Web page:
But also, it's about what they are learning. And we can't keep robbing these kids by teaching them the way that worked for us (and let's not even argue whether it actually did 'work' for us). They need us to recognize that they need more...and they need US.

Let's not let them down.

Haulin’ ‘Net 2006-2007 » Blog Archive » Classic!

Haulin’ ‘Net 2006-2007 » Blog Archive » Classic!
At our school we have senior seminar final presentations that amount to PowerPoint presentations on engaging topics of interest to the students, but not necessarily demonstrating any particular growth. The focus is taken from the concepts of the IB T.O.K. program. It's ideas are worthwhile, but after reading the Haulin' 'Net post, I wonder if our allegiance to the IB as the provider of all great ideas (even for non-IB classes & students) has led us astray here.

In particular, I liked what Carrie Sheehan commented about her senior projects, "The ones who fell short unanimously missed the concept that they had to PERSONALLY experience growth." In that vein, are we falling short? We have plenty of community service opportunities, so it's not that, but I just don't see the ownership or the focus in the senior projects that I read about in this post.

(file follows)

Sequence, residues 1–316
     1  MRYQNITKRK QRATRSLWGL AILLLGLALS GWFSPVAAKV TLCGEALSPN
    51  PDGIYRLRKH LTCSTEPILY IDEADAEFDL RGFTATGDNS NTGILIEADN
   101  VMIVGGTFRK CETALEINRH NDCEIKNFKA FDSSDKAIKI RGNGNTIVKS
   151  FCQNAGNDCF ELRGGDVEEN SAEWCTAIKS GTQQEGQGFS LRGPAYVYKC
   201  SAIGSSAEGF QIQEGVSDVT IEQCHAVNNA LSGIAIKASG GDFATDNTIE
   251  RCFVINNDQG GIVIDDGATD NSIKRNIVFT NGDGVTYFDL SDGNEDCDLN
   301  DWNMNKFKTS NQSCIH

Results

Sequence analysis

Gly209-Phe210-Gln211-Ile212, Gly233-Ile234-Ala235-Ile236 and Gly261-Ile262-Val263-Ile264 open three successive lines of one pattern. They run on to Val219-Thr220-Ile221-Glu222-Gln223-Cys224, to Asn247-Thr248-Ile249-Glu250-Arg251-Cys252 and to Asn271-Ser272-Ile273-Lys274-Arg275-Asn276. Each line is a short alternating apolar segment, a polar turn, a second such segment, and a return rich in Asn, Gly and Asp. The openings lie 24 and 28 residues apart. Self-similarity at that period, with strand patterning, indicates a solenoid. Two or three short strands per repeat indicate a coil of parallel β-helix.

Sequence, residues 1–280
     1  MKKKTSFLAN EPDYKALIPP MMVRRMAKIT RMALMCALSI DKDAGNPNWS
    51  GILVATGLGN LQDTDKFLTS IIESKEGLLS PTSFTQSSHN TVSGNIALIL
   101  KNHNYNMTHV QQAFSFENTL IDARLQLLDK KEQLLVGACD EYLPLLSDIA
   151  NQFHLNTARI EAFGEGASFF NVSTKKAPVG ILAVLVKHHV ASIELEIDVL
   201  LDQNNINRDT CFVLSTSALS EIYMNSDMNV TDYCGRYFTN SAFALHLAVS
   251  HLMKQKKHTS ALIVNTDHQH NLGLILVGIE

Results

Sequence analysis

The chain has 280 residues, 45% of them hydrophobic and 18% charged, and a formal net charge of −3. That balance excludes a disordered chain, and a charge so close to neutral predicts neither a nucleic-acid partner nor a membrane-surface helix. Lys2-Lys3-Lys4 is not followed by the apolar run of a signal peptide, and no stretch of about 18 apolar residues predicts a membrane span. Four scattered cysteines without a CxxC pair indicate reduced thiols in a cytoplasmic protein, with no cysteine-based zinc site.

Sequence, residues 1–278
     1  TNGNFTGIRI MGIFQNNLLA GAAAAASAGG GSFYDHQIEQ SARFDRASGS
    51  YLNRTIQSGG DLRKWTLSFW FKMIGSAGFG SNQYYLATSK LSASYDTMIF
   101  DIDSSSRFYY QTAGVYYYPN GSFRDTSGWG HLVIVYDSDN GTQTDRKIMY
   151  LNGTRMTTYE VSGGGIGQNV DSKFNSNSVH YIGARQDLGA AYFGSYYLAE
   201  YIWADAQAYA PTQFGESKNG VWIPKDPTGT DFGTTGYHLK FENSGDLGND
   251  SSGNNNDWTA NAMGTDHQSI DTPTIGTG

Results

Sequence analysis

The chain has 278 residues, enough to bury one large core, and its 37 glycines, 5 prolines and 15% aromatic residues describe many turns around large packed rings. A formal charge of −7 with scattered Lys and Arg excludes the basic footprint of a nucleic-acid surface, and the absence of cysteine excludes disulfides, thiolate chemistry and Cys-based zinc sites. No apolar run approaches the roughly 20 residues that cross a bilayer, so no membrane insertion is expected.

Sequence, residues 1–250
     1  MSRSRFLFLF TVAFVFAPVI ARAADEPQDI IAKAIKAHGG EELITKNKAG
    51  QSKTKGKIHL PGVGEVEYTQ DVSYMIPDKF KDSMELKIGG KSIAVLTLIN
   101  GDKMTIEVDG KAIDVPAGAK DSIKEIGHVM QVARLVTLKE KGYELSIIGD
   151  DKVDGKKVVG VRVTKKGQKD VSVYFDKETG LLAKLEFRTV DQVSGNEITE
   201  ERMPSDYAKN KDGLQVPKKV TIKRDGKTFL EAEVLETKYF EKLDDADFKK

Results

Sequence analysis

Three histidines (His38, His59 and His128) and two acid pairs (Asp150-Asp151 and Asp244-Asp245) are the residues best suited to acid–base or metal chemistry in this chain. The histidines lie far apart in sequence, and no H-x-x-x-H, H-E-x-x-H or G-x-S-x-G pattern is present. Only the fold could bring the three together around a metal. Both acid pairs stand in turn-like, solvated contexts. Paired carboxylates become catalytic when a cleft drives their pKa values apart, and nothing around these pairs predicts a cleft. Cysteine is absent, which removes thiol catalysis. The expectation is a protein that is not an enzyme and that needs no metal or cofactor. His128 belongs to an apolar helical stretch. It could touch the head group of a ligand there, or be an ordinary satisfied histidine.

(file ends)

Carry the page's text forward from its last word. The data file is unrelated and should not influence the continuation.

Something for us to think about.

Wednesday, January 10, 2007

A Long "Tale" of Differentiation

A very smart colleague of mine told me about The Long Tail which he had just read. I am planning on reading it, but just this morning I was thinking to myself what the implications of this commerical idea were on education. The core idea of the book (from what my friend tells me) is that the internet has now created a world in which money is made selling fewer quantities of greater variety. Very different from the old model where limited shelf space dictated that retailers stock whatever is most popular.

Is this not the very core idea of differentiation in the classroom? If successful learning is the "product" we sell then instead of providing a teaching method that "works best for the most people", can we not use technology and other resources to provide "product" for everyone? Differentiated classrooms should have a Long Tail of teaching styles and resources so that no matter how particular or individual the learner, there will be successful learning available to him or her.

I have to think this through more and perhaps this has been thought out before and most certainly, I have to read the book! But The Long Tail idea is very pertinent to education and particularly applicable to differentiation.

Tuesday, January 09, 2007

2 Cents Worth » Social Networking Examined

2 Cents Worth » Social Networking Examined: "The principal finding of that study revealed that 55% of online teens use social networks. To some degree, this percentage, though high, seems to contridict society’s notions about teens and their online world.